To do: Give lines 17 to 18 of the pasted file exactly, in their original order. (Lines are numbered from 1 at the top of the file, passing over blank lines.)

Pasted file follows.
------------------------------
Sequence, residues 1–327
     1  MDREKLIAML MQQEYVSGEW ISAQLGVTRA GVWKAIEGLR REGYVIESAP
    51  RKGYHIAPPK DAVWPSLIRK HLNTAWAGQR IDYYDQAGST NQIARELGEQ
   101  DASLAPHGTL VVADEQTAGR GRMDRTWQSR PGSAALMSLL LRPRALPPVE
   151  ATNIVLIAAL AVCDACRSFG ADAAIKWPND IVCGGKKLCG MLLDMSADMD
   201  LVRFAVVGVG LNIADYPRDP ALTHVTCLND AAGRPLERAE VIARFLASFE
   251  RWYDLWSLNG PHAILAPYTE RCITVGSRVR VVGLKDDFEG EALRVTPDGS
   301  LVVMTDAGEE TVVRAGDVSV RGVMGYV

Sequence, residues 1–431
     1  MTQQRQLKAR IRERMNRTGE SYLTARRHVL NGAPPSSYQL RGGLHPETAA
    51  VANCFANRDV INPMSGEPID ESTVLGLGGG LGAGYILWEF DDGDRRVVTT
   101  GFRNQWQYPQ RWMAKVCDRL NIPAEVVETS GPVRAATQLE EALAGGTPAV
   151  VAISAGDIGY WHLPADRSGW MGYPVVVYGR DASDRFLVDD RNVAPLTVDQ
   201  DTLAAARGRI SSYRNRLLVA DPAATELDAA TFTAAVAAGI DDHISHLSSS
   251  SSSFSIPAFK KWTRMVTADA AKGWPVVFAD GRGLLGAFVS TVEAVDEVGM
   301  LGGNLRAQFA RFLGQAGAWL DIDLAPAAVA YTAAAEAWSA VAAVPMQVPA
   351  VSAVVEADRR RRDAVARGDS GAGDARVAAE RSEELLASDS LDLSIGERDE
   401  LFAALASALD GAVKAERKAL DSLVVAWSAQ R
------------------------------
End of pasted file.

   351  VSAVVEADRR RRDAVARGDS GAGDARVAAE RSEELLASDS LDLSIGERDE
   401  LFAALASALD GAVKAERKAL DSLVVAWSAQ R